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Bus system could cure some of our problems

Allen Lottinger -   Aug 14, 2008

St. Charles Parish apparently is finally going to get a public transportation system that will allow residents to reach destinations without fueling their gas tanks. It will cost about $2 a trip or $60 for a monthly pass, which still can be much cheaper than visiting the pumps on a regular basis.

But it will be transportation on demand, not a normal stand on the street corner wait till the next regularly scheduled bus comes along. Residents will have to call a number to get a ride, somewhat like ordering a taxicab.

And that isn’t bad. What can be more luxurious than telling a chauffeur to pick you up? Of course the wait may be longer than ordering James to pull out the limousine pronto.

Only four busses will be put to use in the two-parish program for St. Charles and St. John at first. It may not be enough to make a major dent in the commuter traffic that burdens our major highways.  Especially with gas prices on the descent even to a possible unbelievable $3 a gallon.
But every little bit helps. Since Katrina, the New Orleans metropolitan area has spread far and wide, even to Baton Rouge. A rush-hour look at our roadways during those times shows how ridiculous our traffic patterns are in wasting time and gasoline use.

It was former Gov. Edwin Edwards who wanted someday to have a commuter train between those two cities to end the ever increasing need for more traffic lanes between destination points. It was a good theory and maybe its time to put it to use. Our plans to have a public transportation system, however, is just a start into something that someday will cure many of the problems of everyday living such as the waste of nonrenewable fuel, air pollution and the never ending need of building and repairing highways.

Iacocca is very angry

Lee Iacocca, the man who rescued Chrysler Corporation from its death throes, is now 82 years old and has a new book out.  Here are some interesting excerpts, submitted by Brent Tregre via Marilyn Richoux of Destrehan:

“Leaders are made, not born. Leadership is forged in times of crisis. It's easy to sit there with your feet up on the desk and talk theory. Or send someone else/s kids off to war when you've never seen a battlefield yourself. It's another thing to lead when your world comes tumbling down.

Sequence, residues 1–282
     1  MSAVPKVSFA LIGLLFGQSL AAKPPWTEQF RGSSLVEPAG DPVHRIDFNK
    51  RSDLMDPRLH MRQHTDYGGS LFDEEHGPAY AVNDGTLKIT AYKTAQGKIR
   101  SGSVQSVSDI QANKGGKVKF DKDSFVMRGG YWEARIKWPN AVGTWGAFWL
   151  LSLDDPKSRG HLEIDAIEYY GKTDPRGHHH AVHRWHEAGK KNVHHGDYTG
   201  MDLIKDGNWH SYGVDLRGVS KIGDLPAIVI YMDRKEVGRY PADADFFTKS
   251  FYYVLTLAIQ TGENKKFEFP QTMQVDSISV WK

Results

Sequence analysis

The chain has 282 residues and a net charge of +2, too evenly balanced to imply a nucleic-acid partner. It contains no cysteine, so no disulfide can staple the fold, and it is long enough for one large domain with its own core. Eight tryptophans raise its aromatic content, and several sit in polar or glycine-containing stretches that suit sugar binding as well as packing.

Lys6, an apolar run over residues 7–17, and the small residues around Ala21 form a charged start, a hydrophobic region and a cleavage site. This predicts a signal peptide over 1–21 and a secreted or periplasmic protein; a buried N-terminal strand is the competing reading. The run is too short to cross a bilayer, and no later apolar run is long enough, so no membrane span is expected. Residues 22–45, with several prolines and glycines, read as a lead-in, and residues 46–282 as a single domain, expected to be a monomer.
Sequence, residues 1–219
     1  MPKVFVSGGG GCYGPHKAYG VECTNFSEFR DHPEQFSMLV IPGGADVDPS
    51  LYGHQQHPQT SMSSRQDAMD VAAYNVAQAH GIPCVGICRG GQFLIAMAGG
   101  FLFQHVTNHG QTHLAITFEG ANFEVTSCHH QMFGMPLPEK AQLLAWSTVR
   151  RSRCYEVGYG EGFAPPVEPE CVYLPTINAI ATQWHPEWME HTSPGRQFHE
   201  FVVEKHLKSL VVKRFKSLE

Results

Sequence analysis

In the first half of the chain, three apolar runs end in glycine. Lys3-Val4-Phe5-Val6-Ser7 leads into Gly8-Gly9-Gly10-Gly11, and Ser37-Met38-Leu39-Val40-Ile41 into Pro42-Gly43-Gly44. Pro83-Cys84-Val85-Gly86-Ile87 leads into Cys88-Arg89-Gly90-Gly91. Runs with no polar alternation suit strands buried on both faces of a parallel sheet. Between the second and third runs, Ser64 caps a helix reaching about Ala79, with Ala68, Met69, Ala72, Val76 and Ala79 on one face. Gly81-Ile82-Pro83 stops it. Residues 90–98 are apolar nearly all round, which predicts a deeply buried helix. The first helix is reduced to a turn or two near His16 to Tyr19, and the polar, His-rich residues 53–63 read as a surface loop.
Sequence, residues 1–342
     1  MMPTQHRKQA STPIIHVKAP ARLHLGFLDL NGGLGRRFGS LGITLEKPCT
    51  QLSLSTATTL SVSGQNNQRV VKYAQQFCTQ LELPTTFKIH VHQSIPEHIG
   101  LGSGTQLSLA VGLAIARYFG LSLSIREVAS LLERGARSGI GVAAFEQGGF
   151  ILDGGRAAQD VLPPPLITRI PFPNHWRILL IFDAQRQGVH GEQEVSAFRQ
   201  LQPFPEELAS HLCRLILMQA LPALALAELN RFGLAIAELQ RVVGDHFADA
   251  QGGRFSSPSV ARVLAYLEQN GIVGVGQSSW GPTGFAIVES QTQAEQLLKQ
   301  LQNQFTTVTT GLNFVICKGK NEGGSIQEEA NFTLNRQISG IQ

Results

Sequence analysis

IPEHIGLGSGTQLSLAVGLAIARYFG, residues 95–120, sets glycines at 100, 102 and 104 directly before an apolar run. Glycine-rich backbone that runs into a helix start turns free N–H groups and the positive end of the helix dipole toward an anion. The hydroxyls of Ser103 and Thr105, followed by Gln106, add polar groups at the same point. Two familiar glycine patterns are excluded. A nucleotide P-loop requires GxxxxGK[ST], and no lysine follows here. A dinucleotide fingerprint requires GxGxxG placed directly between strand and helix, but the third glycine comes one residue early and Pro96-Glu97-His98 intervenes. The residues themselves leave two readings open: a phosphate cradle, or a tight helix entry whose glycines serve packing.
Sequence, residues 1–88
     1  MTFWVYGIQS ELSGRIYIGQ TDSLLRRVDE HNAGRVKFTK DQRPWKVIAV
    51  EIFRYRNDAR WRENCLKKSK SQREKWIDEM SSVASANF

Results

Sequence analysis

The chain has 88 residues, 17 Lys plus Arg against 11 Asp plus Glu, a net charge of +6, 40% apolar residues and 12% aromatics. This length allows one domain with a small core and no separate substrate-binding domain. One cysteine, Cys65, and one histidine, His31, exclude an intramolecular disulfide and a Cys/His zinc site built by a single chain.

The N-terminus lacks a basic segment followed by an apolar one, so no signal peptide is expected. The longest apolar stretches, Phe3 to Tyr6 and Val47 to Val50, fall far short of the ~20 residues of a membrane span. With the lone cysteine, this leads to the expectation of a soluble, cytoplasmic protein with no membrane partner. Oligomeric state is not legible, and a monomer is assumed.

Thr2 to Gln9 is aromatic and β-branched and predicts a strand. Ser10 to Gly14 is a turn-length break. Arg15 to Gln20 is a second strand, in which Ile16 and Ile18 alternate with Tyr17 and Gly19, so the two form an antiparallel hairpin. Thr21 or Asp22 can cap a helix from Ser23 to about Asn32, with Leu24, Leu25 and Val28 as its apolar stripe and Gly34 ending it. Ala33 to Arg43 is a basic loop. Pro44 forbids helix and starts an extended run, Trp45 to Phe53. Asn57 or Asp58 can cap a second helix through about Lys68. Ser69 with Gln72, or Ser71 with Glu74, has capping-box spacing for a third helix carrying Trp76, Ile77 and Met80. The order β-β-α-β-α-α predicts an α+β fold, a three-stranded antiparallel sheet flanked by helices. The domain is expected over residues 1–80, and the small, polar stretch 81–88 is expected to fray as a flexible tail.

“On September 11, 2001, we needed a strong leader more than any other time in our history. We needed a steady hand to guide us out of the ashes. A Hell of a Mess. So here's where we stand . . . We're running the biggest deficit in the history of the country. We're losing the manufacturing edge to Asia, while our once-great companies are getting slaughtered by health care costs. Gas prices are skyrocketing, and nobody in power has a coherent energy policy. Our schools are in trouble. Our borders are like sieves. The middle class is being squeezed every which way.

These are times that cry out for leadership.

“But when you look around, you've got to ask: Where have all the leaders gone? Where are the curious, creative communicators? Where are the people of character, courage, conviction, omnipotence and common sense? I may be a sucker for alliteration, but I think you get the point.

“Name me a leader who has a better idea for homeland security than making us take off our shoes in airports and throw away our shampoo? We've spent billions of dollars building a huge new bureaucracy, and all we know how to do is react to things that have already happened.

“Name me one leader who emerged from the crisis of Hurricane Katrina. Congress has yet to spend a single day evaluating the response to the hurricane, or demanding accountability for the decisions that were made in the crucial hours after the storm.

“Everyone's hunkering down, fingers crossed, hoping it doesn't happen again. Now, that's just crazy. Storms happen. Deal with it. Make a plan. Figure out what you're going to do the next time.

“Name me an industry leader who is thinking creatively about how we can restore our competitive edge in manufacturing. Who would have believed that there could ever be a time when 'The Big Three' referred to Japanese car companies? How did this happen, and more important, what are we going to do about it?

“Name me a government leader who can articulate a plan for paying down the debit, or solving the energy crisis, or managing the health care problem. The silence is deafening. But these are the crises that are eating away at our country and milking the middle class dry.

“I have news for the gang in Congress. We didn't elect you to do nothing while our democracy is being hijacked and our greatness is being replaced with mediocrity. What is everybody so afraid of? That some bonehead on Fox News will call them a name? Give me a break. Why don't you guys show some spine for a change?

“I'm not trying to be the voice of gloom and doom here. I'm trying to light a fire. I'm speaking out because I have hope, I believe in America . In my lifetime I've had the privilege of living through some of America's greatest moments. I’ve also experienced some of our worst crises: the Great Depression, World War II, the Korean War, the Kennedy Assassination, the Vietnam War, the 1970s oil crisis, and the struggles of recent years culminating with 9/11. If I've learned one thing, it's this: You don't get anywhere by standing on the sidelines waiting for somebody else to take action. Whether it's building a better car or building a better future for our children, we all have a role to play. That's the challenge I'm raising in this book. It's a call to action for people who, like me, believe in America . It's not too late, but it's getting pretty close. So let's go to work. Let's tell ’em all we’ve had enough.”

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